|Tu Bishvat: The Prayers of Trees|
|Written by Rabbi Shlomo Carlebach ZT"L|
By Rabbi Shlomo Carlebach ZT"L on March 17th, 1980: Here comes a really deep Izhbetzer Torah. What’s the difference between a cute little vegetable and a tree? How come a vegetable is dead when it’s done? A tree can live for hundreds of years. He says the deepest Torah. The tree prays to G-d, please make something out of me. You know what’s praying the most? And this is one of the top ten Izhbetzer Torahs. It’s good to remember. How come one apple tree tastes so good and another one not? When the apple seed is praying before G-d the very last second before it’s completely disintegrated it’s the prayer of the deepest depths. And if its prayer is not so deep…There you have two trees.
I mean the depths of this Torah is awesome. Gevaldt, it’s the very last prayer we say before we leave the world… A vegetable prays a cute little prayer. A vegetable grows and then just stops… But an apple seed, it prays so much. It’s every second. It can’t stop. The apple seed’s prayer is a “forever” prayer. So the tree lives forever because this seed prayed so hard. Shvat is the Rosh HaShona L’Elanot, the new year– the headquarters– of the trees.
Now listen to this, it’s so deep. A vegetable when it disappears doesn’t cry. It says, “I had my day. I’m happy. I had a summer. I had a good time on the earth, saw the sun, went to the supermarket, ended up on Shabbos in the chulent… halivei (it should only be).
Do you know what the tree is crying out? The tree is at is end, each year. Listen to this. The tree when it reaches the end, mamash, all its prayers are rising up again. The tree prays all its prayers again. Awesome.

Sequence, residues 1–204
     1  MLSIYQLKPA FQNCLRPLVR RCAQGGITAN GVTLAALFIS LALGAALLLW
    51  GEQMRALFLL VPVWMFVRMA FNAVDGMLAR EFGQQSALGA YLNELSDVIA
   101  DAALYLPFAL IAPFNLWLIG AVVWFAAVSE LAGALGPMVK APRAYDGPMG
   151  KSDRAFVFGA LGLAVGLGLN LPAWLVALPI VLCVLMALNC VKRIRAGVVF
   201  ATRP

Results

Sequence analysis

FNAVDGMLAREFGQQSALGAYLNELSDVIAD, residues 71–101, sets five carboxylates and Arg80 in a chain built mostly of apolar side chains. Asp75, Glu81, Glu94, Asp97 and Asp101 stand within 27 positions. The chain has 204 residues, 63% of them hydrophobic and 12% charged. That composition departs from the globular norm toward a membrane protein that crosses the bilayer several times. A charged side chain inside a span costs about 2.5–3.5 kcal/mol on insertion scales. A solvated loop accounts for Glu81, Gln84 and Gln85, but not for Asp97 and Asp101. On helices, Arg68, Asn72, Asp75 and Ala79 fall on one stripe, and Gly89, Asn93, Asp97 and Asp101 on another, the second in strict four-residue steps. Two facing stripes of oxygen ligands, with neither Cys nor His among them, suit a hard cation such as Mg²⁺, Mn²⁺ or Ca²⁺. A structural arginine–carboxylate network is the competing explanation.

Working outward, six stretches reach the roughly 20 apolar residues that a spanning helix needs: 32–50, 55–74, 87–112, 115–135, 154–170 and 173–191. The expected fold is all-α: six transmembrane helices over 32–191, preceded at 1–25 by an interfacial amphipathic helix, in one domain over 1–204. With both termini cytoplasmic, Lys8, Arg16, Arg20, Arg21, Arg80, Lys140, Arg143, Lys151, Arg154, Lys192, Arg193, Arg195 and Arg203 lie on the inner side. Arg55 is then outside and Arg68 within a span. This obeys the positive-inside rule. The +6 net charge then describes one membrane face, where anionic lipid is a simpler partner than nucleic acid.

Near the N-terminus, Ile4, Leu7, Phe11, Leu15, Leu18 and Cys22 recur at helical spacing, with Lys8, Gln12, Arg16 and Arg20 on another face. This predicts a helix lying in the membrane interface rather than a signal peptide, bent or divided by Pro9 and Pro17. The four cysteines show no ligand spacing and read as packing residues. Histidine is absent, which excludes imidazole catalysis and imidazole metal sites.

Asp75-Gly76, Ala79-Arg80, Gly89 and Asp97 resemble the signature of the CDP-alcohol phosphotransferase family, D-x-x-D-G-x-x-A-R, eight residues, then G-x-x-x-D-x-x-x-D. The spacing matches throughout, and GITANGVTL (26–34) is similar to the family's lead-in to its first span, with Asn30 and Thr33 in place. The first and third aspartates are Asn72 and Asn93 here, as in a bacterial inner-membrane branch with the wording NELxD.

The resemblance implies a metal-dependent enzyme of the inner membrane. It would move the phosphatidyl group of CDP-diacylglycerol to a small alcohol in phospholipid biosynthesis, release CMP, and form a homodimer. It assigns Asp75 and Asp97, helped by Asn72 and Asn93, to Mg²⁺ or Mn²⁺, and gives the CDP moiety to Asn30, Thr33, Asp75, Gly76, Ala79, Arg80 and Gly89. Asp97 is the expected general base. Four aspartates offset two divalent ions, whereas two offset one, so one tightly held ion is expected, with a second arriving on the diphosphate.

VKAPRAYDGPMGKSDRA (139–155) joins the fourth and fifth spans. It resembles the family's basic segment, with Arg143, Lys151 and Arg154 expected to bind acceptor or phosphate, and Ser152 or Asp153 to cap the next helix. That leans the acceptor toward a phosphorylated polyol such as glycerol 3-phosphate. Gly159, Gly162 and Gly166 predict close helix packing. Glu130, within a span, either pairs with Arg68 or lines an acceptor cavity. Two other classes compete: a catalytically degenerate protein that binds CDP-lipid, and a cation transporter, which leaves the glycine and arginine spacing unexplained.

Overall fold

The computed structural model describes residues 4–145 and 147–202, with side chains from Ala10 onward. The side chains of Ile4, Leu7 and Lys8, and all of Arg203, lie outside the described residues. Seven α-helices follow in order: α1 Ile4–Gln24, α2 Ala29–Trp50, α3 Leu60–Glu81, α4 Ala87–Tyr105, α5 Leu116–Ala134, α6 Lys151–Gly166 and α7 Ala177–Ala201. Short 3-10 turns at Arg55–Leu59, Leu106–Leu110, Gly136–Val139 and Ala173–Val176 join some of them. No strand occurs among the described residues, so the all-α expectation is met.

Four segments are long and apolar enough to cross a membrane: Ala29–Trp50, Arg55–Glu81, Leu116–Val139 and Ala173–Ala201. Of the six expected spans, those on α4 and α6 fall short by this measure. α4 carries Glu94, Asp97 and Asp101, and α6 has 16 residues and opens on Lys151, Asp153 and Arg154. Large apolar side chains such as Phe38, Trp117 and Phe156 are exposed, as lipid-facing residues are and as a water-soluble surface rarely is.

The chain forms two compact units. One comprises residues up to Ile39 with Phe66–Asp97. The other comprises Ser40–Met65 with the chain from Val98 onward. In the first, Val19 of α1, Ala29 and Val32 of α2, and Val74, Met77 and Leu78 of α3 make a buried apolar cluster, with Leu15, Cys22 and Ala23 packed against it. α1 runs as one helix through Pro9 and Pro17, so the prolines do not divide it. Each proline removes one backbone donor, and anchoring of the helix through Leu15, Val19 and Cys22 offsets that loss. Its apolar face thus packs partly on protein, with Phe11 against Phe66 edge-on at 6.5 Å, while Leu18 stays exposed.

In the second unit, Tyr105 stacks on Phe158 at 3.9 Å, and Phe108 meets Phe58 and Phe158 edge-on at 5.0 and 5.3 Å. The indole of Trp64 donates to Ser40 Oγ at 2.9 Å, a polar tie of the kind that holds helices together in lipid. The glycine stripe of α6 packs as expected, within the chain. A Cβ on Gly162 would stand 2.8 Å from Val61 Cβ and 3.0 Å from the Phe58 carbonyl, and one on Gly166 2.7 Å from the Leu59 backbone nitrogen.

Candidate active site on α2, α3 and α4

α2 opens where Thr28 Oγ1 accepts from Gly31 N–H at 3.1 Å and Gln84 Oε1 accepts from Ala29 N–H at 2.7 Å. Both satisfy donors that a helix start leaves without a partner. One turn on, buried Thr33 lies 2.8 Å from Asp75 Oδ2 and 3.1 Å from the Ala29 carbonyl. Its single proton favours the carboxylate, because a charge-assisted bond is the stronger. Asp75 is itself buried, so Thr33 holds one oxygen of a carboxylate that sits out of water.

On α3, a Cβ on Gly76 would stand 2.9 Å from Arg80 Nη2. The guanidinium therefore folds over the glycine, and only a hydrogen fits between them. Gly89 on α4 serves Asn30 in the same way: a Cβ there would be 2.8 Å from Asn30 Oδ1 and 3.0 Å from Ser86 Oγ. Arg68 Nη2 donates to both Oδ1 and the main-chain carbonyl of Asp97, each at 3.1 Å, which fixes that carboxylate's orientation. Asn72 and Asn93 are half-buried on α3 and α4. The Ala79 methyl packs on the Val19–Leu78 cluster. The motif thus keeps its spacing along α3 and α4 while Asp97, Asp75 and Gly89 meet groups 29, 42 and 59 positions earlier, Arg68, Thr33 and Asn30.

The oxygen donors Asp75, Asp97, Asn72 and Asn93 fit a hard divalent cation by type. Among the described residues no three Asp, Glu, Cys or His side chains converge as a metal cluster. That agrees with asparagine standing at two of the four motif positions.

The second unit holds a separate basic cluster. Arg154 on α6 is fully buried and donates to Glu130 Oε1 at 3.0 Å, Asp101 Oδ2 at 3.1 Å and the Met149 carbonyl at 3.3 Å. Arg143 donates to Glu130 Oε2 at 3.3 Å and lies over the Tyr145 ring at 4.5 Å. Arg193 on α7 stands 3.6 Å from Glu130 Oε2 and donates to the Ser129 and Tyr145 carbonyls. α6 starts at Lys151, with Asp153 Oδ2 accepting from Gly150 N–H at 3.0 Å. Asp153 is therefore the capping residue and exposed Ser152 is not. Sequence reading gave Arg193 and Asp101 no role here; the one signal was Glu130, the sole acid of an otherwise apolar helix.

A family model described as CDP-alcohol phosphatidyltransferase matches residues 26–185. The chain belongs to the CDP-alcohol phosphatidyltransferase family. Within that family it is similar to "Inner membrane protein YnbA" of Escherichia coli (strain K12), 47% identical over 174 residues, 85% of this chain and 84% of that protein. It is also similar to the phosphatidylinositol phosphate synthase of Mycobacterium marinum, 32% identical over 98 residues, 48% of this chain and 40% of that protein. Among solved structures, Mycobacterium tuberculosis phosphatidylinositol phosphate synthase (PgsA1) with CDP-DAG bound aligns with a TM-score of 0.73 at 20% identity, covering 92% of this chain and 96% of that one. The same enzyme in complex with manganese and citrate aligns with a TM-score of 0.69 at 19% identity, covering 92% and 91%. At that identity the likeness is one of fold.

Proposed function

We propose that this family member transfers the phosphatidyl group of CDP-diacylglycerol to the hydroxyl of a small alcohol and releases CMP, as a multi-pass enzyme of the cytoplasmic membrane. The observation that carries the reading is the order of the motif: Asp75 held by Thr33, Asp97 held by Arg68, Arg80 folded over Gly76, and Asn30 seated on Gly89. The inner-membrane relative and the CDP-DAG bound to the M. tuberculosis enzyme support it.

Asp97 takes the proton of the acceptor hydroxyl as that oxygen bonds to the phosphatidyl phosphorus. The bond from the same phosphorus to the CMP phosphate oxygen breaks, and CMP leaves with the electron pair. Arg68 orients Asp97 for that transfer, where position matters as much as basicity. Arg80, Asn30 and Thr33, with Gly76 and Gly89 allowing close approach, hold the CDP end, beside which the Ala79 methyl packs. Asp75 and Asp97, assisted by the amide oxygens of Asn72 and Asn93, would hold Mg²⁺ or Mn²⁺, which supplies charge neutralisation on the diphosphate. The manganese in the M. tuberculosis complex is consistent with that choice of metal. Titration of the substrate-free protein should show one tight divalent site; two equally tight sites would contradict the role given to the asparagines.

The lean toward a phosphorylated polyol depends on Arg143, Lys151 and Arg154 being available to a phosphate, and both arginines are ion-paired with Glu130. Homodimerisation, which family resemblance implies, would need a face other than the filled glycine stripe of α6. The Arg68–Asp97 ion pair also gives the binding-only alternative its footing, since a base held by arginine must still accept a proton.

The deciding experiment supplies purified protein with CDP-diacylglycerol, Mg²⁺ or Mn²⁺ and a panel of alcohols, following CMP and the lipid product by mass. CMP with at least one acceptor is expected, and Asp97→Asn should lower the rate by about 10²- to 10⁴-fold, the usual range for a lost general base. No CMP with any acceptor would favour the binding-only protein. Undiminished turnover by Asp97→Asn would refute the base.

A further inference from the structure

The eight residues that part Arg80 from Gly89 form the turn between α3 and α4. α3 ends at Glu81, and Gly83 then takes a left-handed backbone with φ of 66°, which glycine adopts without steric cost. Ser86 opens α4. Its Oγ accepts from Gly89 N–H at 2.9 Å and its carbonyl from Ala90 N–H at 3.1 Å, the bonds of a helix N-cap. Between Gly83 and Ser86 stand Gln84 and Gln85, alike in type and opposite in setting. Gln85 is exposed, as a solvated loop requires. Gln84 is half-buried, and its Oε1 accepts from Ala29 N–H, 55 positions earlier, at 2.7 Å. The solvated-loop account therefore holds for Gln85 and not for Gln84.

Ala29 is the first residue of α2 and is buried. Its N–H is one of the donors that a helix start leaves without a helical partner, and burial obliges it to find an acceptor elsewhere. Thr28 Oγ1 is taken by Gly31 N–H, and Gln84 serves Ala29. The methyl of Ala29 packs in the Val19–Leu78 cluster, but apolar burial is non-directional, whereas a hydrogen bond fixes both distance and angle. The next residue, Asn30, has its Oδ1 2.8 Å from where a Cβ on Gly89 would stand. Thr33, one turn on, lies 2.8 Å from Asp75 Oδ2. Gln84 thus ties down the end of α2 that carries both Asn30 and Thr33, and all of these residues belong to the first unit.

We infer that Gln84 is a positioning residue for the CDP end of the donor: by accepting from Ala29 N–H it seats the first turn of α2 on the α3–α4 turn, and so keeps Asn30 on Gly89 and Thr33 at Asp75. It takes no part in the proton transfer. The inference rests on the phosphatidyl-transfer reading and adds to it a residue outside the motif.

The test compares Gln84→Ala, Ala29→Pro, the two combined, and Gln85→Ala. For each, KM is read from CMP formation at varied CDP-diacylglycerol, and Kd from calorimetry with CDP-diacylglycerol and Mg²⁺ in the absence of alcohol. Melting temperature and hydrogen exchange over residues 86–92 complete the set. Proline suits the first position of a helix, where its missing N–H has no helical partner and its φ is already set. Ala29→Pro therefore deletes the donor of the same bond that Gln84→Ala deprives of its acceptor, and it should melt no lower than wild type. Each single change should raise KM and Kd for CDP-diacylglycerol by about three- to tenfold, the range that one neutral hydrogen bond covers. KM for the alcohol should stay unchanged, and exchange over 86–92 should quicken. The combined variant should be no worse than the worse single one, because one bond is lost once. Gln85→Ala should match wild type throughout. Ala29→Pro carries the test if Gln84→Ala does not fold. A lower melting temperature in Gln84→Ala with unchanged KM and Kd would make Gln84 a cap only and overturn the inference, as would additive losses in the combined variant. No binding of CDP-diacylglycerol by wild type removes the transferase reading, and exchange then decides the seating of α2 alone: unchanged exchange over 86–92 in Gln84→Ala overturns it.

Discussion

I want to tell you something very very deep. Imagine I need coffee. I say, “Please G-d, give me some coffee.” And G-d answers me, “Ok, I’ll get you some coffee.” But when I pray for something very deep, my prayer is all that there is. The more I need something from G-d, the deeper the depths my prayer touches my neshama. And that prayer touches all the prayers which I ever prayed in this lifetime and perhaps other lifetimes as well.
Rabbi Mordechai Yosef Leiner of Izbica (1804-1854) was a Hasidic thinker and founder of the Izhbitzer dynasty of Hasidic Judaism. Rabbi Leiner is best known for a doctrine of radical determinism: all events, including human actions, are absolutely under God’s control, or as Rabbinic discourse would phrase it, by “hasgachah pratit.” His second most famous idea is that if everything is determined by God, then even sin is done because God determines it.
One of his most cited comments is on Leviticus 21:1 None shall defile himself for any [dead] person among his kin. Rabbi Leiner read the verse as a warning against the defilement of the soul. The soul is defiled when it is infected with the bitterness and rage that comes with senseless suffering and tragedy. Those who — like the Kohanim— would serve God, are commanded to find the resources to resist the defilements of despair and darkness. Despair is the ultimate denial of God, and surrender to darkness is the ultimate blasphemy.
First Page of Mei Hashiloach, the Commentary on the Torah by Rabbi Mordechai Yosef of Isbitza (1800-1854)